Table 3. Coefficients of the linear model used to detect alternative splicing

Table 3. Coefficients of the linear model used to detect alternative splicing

There are a number of alternatives to detect AS using these coefficients. Either of \(\beta_4\) , \(\beta_5\) , \(\beta_4\) + \(\beta_5\) is theoretically able to detect AS events. Some of them are more sensitive than others depending on the relative concentrations of the isoforms. For example, if isoform 2 is much more highly expressed than isoform 1 in both conditions, \(\beta_4\) will be more sensitive than \(\beta_4\) + \(\beta_5\) since in the latter case, the numerator and denominator of the logarithms of both terms are similar, and hence their logs are close to zero.

A contrast on \(\beta_5\) would seem to be more sensitive than a contrast on \(\beta_4\) or \(\beta_4\) + \(\beta_5\) ; however, in practice, this contrast proved to be “too sensitive” and led to many false positives especially in weakly expressed isoforms. If one of the paths is not expressed in any condition, its signal will be similar in either condition (the background level) and a change in the expression of the other isoform will drive to a false positive detection. This contrast can be used only if the signals are filtered to guarantee that they are above the background.

In the PCR validation, the contrast that provided the best performance was the combination of the fold changes of both isoforms (i.e. \(\beta_3\) + \(\beta_4\) and \(\beta_3\)+\(\beta_4\) + \(\beta_5\) in Table 4) plus the requirement that the fold-changes have opposite directions, i.e. if isoform 1 significantly increases its expression, isoform 2 must significantly decrease its expression and vice versa. Therefore, if this test requires that the detected AS events show a significant change of the expression both paths and this change must be in opposite direction.

In order to compute this contrast, we summed up the p-values (one-tailed) for both contrasts. If the null hypothesis holds, the expected null distribution is triangular from 0 to 2 with the peak at 1, and the summation of the p-values must be close to 0 or close to 2 for genes with differential AS. Using this triangular distribution, it is possible to assign an overall p-value to their sum. We preferred this combination rather than the classical Fisher method since in the latter a single good p-value yields a good summary p-value for the event. Using this approach, both p-values must be close to zero or one in order to generate a significant overall p-value.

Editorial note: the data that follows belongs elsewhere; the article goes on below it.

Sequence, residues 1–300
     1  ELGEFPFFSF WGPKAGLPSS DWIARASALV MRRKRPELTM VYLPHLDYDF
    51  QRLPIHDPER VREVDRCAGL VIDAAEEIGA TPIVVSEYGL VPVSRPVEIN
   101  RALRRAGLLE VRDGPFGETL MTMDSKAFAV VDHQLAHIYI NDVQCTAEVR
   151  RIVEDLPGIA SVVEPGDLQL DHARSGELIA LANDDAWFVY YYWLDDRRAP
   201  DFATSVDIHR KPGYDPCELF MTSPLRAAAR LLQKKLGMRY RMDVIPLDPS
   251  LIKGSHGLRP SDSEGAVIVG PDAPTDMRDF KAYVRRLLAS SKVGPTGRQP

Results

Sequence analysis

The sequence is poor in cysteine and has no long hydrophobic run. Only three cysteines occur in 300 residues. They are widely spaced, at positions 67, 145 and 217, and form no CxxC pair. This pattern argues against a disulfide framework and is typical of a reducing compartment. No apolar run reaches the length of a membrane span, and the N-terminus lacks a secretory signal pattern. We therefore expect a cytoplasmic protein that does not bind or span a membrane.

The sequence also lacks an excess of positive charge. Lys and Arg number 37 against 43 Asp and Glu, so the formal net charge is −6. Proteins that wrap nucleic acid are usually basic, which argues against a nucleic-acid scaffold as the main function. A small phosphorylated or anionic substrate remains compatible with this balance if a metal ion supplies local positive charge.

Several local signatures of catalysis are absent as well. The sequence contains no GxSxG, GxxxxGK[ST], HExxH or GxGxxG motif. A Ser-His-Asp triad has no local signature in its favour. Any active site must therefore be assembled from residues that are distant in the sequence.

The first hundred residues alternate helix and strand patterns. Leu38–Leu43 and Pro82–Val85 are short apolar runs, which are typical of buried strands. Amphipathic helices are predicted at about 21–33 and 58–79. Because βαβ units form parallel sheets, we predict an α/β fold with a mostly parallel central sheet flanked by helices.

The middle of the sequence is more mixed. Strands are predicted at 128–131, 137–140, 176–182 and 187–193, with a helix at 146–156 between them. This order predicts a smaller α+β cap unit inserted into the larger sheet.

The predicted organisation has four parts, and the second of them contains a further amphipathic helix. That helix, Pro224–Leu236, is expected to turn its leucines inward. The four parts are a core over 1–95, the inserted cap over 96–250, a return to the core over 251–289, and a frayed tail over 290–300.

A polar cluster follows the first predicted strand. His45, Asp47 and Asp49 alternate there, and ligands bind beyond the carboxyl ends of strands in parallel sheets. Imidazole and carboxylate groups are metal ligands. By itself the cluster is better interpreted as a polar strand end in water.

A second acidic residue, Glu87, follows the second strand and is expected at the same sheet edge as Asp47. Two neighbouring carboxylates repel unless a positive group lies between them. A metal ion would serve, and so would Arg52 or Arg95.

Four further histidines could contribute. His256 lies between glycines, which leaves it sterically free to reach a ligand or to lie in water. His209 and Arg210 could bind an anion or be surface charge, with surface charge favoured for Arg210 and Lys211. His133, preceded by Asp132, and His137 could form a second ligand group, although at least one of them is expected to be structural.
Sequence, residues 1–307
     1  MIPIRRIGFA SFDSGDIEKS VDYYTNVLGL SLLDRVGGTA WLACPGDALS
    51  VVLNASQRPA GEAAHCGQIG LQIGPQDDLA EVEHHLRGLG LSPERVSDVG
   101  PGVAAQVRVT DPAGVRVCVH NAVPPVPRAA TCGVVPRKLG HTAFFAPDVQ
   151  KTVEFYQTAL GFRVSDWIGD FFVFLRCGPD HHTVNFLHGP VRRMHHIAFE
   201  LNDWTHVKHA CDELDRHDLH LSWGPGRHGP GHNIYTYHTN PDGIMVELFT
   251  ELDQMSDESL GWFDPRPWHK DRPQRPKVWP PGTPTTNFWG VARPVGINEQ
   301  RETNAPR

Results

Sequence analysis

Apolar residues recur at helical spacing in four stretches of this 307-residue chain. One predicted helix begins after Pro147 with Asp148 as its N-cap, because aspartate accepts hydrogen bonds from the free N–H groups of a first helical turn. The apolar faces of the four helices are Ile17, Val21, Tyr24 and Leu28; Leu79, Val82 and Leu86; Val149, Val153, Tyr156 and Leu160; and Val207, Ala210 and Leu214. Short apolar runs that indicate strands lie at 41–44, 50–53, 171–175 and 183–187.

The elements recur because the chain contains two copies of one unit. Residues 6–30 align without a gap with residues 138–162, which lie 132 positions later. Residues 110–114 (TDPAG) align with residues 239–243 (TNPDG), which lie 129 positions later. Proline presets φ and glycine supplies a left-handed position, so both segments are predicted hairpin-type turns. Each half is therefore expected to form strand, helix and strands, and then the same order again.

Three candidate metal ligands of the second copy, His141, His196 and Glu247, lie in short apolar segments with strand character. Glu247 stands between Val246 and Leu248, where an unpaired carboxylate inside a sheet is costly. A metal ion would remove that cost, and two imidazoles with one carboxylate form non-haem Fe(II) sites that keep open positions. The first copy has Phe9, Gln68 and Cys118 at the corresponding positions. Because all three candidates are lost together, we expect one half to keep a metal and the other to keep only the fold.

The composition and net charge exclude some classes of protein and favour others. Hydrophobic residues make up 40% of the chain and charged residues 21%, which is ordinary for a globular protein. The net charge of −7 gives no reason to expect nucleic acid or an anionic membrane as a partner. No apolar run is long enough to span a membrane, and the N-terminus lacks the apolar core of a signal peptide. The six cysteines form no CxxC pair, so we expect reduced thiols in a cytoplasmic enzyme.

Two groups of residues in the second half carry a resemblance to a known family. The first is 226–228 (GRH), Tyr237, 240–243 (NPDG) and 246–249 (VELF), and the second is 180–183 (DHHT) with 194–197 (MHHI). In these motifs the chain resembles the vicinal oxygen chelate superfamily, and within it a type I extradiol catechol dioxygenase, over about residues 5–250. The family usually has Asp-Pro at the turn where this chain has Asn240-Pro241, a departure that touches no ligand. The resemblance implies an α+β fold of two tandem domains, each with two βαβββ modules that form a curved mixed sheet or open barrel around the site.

The different options availabe in EventPointer are:

1. LogFC : Compute the contrast using \(\beta_3\) + \(\beta_4\) and \(\beta_3\)+\(\beta_4\) + \(\beta_5\)

2. Dif_LogFC : Compute the contrast using \(\beta_4\) and \(\beta_4\) + \(\beta_5\)

3. DRS: Compute the constast using \(\beta_5\)

5.2 Alpha parameter for PrepareBam_EP function

Alpha is a parameter used by SGSeq R package to predict the features that are along the different bam files that are being analyzed. As stated in the help menu for the predictTxtFeatures function:

Alpha Minimum FPKM required for a splice junction to be included.

The user can change the value to be more or less restrictive when deciding if a feature is included or not. As the alpha value increases, the algorithm will slow down as the splicing graphs would became more complex.